The impact of chromosomal rearrangements on the genome organisation of leukaemia cells.
Chromosomal rearrangements are a hallmark of leukaemia. It is well known that specific chromosomal rearrangements are associated with certain leukaemia subtypes and that can predict clinical outcome. What is not well understood, is how these chromosomal rearrangements influence the genome organisation within the nuclear architecture of leukaemia cells. The study of genome organisation is an emerging field of research in pathologies such as cancer. It has been shown that gene repositioning in the nuclei of cancer cells may be associated with abnormal gene expression. We and others have previously shown that gene repositioning may be due to chromosomal rearrangements affecting a particular locus. What exactly dictates the gene repositioning is matter of investigation.
Useful background reading:
1. Bourne et al. (2013) Interphase Chromosome Behaviour in Normal and Diseased Cells, In: Yurov Y, Vorsanova SG, Iourov IY, editors. Human Interphase Chromosomes: the Biomedical Aspects, Springer, p. 9-33.
2. Ballabio et al. (2009) Ectopic expression of the HLXB9 gene is associated with an altered nuclear position in t(7;12) leukaemias. Leukemia 23:1179-1182
3. Roukos and Misteli (2014) The biogenesis of chromosome translocations. Nat Cell Biol 16:293-300.
This project aims at clarifying the contribution of chromosomal rearrangements to the genome organisation of leukaemic cells and at exploring the effects that gene repositioning might have on gene expression. As part of this project, leukaemia derived cell lines will be selected on the basis of specific chromosomal rearrangements. Fluorescence in situ hybridisation will be applied to those cell lines in order to map chromosomal breakpoints accurately and to identify specific loci of interest. Specific genes will be investigated for their expression levels using Quantitative Real Time PCR and for their radial nuclear positioning using specialised software.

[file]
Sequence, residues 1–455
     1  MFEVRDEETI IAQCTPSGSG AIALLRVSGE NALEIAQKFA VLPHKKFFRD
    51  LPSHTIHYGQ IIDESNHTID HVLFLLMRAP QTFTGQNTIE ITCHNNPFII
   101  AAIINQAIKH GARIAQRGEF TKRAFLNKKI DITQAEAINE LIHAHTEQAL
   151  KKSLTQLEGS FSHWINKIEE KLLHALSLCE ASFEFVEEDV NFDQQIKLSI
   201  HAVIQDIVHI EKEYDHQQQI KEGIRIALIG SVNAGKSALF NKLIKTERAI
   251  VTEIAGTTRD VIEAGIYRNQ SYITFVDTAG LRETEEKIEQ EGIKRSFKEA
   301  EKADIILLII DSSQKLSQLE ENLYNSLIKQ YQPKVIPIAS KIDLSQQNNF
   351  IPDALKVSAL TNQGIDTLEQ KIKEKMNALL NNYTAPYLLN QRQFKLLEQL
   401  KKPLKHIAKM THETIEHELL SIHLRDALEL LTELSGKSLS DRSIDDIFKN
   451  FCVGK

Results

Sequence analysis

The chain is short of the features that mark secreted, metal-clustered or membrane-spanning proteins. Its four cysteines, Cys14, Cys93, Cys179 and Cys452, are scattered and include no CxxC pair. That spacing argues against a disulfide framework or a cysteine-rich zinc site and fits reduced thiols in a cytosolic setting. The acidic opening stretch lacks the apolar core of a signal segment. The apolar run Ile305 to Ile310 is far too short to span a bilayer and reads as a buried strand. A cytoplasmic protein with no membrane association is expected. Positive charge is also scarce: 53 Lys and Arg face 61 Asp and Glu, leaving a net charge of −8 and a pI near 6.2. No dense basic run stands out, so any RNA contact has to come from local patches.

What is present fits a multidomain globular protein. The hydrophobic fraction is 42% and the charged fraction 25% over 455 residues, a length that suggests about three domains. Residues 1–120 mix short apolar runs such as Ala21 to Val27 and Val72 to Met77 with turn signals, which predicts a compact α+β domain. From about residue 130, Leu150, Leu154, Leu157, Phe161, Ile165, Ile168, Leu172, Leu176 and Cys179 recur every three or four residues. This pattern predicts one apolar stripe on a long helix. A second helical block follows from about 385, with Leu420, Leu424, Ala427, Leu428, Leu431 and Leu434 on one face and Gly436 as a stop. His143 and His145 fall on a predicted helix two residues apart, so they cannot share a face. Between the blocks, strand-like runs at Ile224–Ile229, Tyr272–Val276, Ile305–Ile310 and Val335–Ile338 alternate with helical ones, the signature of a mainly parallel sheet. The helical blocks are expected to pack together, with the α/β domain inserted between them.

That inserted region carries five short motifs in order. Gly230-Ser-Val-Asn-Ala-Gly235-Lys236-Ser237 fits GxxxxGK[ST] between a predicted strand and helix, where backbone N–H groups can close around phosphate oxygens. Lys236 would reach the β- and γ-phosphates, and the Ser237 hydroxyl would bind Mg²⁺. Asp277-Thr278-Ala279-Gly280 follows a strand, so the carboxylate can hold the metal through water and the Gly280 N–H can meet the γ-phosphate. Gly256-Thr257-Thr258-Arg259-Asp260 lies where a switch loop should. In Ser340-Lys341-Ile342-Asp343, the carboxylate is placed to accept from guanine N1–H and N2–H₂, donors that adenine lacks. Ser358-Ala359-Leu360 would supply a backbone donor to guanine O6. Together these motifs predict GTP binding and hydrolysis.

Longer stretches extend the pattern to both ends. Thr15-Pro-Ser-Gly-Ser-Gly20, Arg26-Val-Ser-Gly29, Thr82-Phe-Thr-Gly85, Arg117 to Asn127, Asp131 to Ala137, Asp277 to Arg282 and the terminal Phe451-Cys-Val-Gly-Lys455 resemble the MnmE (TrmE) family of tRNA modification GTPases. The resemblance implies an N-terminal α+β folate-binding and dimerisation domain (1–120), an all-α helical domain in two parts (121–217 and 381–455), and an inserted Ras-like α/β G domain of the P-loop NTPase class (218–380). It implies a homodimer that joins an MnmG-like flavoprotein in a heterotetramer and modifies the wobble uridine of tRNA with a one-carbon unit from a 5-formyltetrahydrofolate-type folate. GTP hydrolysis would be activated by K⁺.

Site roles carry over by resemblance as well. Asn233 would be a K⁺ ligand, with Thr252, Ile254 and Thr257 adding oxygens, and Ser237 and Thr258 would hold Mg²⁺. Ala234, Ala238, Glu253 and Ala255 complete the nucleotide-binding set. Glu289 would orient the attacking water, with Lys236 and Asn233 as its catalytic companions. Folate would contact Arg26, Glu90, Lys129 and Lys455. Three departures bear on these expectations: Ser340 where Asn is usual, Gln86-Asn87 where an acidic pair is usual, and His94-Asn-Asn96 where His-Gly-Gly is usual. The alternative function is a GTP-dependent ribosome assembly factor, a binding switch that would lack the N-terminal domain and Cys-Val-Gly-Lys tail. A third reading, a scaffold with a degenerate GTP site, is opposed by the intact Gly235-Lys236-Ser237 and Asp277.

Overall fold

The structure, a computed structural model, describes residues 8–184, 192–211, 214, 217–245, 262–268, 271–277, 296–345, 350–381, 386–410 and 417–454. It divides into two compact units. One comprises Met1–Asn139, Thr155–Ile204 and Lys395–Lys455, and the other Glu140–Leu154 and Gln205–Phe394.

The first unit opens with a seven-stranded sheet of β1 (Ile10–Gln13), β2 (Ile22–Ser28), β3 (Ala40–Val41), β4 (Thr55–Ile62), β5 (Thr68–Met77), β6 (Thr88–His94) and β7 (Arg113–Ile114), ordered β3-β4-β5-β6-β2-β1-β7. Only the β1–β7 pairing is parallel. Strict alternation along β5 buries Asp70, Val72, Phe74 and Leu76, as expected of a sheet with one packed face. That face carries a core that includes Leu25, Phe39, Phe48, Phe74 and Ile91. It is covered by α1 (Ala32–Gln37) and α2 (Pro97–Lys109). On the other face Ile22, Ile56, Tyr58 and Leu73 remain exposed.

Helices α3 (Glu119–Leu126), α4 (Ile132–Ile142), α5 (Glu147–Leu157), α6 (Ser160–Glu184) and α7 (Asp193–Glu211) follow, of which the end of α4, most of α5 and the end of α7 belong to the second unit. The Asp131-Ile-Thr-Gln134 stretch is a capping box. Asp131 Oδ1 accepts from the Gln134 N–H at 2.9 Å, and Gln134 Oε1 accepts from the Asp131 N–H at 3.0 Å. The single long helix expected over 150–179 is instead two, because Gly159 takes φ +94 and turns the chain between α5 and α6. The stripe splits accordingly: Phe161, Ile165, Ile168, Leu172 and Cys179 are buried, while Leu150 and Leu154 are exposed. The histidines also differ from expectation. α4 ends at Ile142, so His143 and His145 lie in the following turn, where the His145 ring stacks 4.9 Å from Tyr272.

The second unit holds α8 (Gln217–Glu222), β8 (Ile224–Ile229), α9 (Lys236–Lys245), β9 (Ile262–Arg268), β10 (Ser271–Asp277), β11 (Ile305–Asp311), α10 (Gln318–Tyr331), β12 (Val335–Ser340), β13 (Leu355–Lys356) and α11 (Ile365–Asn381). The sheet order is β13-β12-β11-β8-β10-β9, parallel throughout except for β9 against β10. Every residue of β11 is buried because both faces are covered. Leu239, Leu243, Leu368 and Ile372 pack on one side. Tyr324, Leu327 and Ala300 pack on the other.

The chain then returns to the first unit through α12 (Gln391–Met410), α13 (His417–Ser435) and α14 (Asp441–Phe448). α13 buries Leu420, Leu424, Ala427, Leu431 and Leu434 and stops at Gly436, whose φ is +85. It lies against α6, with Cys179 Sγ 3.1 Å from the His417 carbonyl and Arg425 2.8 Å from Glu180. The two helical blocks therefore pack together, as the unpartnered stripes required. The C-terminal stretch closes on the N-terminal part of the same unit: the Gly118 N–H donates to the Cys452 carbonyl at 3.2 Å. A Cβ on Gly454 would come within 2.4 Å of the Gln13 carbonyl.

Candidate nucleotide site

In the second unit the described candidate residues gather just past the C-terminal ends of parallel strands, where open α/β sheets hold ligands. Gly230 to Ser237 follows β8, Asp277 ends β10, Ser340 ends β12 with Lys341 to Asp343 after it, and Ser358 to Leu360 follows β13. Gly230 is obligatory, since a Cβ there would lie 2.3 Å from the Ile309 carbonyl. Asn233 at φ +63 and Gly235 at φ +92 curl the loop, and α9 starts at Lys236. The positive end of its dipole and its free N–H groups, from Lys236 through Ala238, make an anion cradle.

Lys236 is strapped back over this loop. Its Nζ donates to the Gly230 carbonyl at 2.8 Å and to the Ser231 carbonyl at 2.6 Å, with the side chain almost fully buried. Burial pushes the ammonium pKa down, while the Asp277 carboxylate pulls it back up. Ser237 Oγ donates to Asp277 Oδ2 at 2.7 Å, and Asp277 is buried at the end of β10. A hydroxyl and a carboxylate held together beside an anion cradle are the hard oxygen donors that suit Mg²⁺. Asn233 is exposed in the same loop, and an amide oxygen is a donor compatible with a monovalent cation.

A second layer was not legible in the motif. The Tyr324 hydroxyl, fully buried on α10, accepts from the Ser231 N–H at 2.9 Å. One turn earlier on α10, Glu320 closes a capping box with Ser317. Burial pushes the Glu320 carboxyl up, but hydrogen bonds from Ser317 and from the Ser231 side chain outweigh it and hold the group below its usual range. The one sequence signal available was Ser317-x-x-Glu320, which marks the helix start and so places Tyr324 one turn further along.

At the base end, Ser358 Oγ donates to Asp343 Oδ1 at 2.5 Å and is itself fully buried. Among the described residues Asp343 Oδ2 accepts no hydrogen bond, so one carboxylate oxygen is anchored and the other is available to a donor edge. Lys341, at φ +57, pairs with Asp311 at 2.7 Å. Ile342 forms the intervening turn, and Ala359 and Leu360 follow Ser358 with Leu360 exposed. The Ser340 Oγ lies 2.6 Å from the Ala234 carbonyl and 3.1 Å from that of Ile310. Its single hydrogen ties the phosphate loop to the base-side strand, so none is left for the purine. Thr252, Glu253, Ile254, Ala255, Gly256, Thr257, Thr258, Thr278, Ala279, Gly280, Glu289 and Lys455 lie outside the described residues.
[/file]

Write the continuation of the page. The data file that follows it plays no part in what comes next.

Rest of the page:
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This is a self funded topic
Brunel offers a number of funding options to research students that help cover the cost of their tuition fees, contribute to living expenses or both. See more information here: https://www.brunel.ac.uk/research/Research-degrees/Research-degree-funding. The UK Government is also offering Doctoral Student Loans for eligible students, and there is some funding available through the Research Councils. Many of our international students benefit from funding provided by their governments or employers. Brunel alumni enjoy tuition fee discounts of 15%.
Dr Joanna Bridger
- I have been at Brunel University London since the start of this century. This is when I established my own independent laboratory - The Laboratory of Nuclear and Genomic Health. Our research concerns how the genome is spatially organised, influenced and manipulated within its environment, the cell nucleus. The group has had a number of major advances and is currently focused on aspects of genome behaviour in replicative senescence, the premature ageing disease Hutchinson-Gilford Progeria Syndrome, host:pathogen interactions and female cancers. We are wish to understand how structures such as the nuclear lamina, nucleoskeleton and nuclear motors influence the functionality of the genome.
I also teach Cell Biology at levels 2 and 3, Developmental Biology at level 2, Gene Expression and Epigenetics and Cellular and Organismal Ageing at Masters level. The lab is always full of PhD, Masters and undergraduate students doing their various projects.
I am also the Head of the Genome Engineering and Maintenance network established from the depth and interest in Genome Biology that has developed over time in Biosciences at Brunel. My other role is External Engagement where I organise all the external interactions we have in our division